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Almost as useful is the paper led by Dr. Lucy Bland, which is the first red list of ecosystems assessment of a coral reef, and was published in 2017 in the Proceedings of the Royal Scoiety B. this work found that the Mesoamerican Barrier Reef System, the second longest barrier reef in the world, is Critically Endangered (plausibly Vulnerable to Critically Endangered), with notable differences among Red List criteria and data types in detecting the most severe symptoms of risk. This study provides a template for assessing risks to coral reefs and for further application of ecosystem models in risk assessment.

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Marine Protected Area assessment

Not all my research is about 3D reefs. I also spend significant time thinking about the effectiveness of marine spatial management, such as marine protected areas. For example in 2016-2017 I supervised a study investigating the effectiveness of small no-take reserves in South Eastern Australia.

This work was published by Biodiversity and Conservation and identified the key drivers of fish, invertebrate and benthic communities. The study found that small reserves can enhance biodiversity and biomass on a local scale, but only if they have full no-take protection, are in sheltered locations with complex habitat, and have positive community involvement to engender support and stewardship.

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I also led a much larger scale study looking at the effectiveness of no-take zones in MPAs on benthic communities. We used images from Autonomous Underwater Vehicles to quantify the benthic biota across three MPAs and seven degrees of latitude.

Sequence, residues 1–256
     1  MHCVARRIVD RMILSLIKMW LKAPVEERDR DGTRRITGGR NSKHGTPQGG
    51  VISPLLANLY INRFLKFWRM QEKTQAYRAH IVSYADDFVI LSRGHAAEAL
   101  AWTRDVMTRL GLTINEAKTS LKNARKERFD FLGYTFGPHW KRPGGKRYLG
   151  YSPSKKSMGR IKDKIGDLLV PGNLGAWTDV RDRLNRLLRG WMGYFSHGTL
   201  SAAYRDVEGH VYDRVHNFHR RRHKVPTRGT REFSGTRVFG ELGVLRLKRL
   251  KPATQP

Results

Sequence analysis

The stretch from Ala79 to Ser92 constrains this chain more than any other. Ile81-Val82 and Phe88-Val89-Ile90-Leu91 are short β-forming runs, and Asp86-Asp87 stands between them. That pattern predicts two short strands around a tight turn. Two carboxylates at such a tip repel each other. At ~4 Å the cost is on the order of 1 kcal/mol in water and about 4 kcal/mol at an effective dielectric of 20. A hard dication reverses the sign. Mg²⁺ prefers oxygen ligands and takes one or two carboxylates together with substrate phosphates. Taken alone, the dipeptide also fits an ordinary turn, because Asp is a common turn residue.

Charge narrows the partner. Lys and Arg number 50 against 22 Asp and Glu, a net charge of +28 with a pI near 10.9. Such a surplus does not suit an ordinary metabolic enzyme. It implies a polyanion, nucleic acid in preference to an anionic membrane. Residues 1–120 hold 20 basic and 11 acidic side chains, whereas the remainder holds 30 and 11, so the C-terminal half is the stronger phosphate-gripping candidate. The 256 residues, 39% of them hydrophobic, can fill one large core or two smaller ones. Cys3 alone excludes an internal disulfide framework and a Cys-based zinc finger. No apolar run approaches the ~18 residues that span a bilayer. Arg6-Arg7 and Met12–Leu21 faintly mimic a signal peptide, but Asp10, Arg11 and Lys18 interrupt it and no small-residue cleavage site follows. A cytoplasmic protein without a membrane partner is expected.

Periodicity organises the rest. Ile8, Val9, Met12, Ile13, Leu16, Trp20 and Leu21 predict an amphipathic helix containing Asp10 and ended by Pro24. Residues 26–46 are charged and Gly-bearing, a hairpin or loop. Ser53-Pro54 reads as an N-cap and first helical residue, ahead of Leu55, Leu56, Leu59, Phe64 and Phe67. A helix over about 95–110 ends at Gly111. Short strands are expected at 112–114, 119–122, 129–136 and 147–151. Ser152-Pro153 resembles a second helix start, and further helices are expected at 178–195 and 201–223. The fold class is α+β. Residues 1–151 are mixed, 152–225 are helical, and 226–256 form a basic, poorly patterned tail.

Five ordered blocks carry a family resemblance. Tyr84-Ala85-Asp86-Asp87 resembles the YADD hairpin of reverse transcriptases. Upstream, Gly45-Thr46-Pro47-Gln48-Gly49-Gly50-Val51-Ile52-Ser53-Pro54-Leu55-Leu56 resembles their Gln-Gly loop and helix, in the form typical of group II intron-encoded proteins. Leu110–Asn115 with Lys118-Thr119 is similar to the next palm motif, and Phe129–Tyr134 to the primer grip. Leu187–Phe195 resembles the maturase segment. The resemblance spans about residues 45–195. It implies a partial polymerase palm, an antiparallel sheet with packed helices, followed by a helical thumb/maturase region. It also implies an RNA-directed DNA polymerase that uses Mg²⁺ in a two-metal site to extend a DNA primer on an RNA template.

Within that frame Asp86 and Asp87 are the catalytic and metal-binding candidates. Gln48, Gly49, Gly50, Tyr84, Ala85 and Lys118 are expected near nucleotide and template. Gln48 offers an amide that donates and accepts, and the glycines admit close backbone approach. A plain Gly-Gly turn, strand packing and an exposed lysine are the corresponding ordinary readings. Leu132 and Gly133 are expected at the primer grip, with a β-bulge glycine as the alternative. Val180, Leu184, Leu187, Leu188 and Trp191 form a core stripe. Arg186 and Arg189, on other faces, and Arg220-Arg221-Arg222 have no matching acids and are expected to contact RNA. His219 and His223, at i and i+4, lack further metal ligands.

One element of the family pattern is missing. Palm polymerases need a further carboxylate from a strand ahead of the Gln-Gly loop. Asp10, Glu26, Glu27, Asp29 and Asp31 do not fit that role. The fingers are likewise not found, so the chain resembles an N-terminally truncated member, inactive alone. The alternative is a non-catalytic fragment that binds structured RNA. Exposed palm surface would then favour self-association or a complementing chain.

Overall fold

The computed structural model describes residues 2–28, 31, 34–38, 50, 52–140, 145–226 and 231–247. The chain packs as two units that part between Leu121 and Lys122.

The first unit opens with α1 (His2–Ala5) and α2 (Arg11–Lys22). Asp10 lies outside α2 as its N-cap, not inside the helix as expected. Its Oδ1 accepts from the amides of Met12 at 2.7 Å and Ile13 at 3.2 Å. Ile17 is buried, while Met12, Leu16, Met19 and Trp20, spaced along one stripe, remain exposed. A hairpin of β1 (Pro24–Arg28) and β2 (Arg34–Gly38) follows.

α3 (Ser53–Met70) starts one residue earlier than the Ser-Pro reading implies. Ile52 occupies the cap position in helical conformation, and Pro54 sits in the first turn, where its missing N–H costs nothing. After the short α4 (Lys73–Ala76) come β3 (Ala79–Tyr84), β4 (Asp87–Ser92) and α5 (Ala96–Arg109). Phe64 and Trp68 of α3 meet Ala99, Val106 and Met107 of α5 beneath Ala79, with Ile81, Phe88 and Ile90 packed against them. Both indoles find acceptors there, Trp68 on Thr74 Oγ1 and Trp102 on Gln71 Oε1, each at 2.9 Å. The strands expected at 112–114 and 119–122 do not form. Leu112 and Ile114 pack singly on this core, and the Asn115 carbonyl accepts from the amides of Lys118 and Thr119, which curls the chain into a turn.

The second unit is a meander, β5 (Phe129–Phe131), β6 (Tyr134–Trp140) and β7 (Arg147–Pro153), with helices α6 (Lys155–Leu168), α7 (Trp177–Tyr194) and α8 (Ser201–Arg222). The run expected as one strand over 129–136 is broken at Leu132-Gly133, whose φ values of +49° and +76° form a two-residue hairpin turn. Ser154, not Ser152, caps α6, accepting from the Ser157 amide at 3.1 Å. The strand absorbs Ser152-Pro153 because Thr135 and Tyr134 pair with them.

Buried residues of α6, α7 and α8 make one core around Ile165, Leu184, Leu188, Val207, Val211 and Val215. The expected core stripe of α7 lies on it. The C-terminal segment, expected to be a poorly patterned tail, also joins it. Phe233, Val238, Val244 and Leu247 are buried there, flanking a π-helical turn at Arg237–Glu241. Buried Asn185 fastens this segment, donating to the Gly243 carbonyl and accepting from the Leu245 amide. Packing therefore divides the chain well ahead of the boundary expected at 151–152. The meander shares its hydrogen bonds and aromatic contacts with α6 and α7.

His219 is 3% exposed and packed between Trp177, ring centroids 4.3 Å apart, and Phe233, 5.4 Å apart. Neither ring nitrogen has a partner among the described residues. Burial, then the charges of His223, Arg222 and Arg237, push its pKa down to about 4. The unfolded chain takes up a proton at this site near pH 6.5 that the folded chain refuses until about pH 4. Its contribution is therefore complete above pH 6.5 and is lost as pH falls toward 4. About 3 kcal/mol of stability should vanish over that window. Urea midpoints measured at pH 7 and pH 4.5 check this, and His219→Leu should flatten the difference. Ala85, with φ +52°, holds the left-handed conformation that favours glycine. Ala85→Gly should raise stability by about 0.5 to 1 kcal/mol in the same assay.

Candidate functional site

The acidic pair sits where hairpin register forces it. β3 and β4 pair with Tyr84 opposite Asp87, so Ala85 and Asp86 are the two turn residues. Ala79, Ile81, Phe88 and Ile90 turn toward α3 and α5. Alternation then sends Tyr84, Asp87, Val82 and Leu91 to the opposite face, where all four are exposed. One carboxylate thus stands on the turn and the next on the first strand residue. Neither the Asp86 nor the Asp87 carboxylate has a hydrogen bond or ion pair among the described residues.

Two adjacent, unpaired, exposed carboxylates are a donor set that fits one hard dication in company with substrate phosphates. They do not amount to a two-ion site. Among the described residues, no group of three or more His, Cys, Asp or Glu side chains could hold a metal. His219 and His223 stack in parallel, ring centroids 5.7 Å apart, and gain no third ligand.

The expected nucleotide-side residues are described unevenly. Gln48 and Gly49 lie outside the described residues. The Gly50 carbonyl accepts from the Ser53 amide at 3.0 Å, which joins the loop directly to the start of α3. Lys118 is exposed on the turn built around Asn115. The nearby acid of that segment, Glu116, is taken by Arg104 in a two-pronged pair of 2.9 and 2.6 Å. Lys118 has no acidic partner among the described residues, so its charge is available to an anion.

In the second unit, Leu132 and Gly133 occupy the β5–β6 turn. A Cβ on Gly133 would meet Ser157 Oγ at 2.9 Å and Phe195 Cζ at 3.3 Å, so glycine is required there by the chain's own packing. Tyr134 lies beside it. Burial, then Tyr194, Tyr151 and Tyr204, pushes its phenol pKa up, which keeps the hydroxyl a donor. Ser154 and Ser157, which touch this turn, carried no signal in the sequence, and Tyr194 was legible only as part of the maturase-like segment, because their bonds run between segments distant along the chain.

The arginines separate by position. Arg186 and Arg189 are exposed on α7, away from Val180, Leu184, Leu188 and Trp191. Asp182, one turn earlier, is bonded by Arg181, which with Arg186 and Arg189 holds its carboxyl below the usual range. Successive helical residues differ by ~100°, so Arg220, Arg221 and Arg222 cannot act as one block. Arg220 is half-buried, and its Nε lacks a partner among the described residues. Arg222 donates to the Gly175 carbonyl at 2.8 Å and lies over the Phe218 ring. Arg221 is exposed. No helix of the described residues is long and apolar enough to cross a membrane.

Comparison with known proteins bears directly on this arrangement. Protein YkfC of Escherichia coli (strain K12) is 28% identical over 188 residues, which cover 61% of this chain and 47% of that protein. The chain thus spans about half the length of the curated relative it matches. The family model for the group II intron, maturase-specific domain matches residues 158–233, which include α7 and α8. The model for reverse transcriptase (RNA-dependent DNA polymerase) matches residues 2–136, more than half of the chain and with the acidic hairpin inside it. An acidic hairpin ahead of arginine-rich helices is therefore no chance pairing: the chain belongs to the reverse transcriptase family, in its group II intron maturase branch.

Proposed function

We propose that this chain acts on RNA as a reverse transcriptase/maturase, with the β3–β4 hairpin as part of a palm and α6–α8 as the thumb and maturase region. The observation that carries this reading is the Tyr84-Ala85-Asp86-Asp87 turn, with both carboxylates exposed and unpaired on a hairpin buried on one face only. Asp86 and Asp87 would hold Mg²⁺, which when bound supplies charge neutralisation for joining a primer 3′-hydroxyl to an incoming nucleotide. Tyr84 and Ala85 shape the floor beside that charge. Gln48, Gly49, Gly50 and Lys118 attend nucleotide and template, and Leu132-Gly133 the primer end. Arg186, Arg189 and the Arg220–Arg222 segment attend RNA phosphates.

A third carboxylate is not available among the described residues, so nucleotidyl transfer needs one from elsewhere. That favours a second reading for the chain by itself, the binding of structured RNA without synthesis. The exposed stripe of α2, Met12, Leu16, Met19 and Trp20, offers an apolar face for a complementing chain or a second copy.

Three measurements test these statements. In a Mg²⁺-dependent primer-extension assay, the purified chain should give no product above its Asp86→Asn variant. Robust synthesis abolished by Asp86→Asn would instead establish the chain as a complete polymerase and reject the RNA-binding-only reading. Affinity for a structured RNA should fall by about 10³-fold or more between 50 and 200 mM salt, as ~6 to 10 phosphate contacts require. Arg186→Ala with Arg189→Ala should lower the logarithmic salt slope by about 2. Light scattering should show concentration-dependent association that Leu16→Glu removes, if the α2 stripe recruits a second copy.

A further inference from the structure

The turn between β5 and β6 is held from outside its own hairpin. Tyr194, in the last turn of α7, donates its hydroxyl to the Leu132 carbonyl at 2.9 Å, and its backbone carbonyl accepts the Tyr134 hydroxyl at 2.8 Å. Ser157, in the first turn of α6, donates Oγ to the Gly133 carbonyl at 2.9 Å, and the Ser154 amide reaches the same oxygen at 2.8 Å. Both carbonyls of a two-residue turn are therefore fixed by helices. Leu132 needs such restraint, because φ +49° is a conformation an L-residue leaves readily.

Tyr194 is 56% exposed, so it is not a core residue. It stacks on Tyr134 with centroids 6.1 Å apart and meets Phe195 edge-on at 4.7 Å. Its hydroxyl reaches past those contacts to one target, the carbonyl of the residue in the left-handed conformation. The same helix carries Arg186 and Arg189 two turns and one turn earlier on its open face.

The study potential short-term effects of zoning (up to 10 years) on benthic communities, with important habitat-forming biota being more prevalent and abundant in no-take zones. This study advanced knowledge of marine benthic communities and their conservation in three ways.

  1. It generated the first baseline of biodiversity and abundance of benthic communities in the studied reefs.
  2. It identified the taxonomic resolution necessary to assess both short and long-term effects of MPAs, concluding that coarse taxonomic resolution is sufficient.
  3. It provided an example of statistical analyses and sampling design that is useful to detect changes of marine benthic communities across multiple spatial and temporal scales.

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Measuring coral growth and contraction in 3D

3D models can be used to measure growth of corals and external erosion of skeletons.

I recently lead a paper presenting a novel method to measure coral growth and external erosion!!! There are no more excuses to use old school methods that harm corals (and potentially confound results) to measure their growth, now we can measure change in volume and surface area without even touching them!!!

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Measuring growth of tabulate corals like this one

3D models of corals were used to measure the growth and erosion of coral colonies and skeletons in situ over a year. This has not been done before with the fine scale resolution approach that we have taken. We found that dead coral colonies eroded by 52%, while live colonies grew by 20% of their original volume and surface area. 3D models are a very accurate and precise method to quantify both volume and surface area of coral colonies in situ without manipulating them, avoiding negative effects on corals associated with more invasive methods. Our metrics were within the range of previously reported values, which we also briefly review.

This collection is part of the electronic supplementary material of a manuscript published in Scientific Reports (rdcu.be/z5pC).

The 3D models can be found here: https://skfb.ly/6uR9U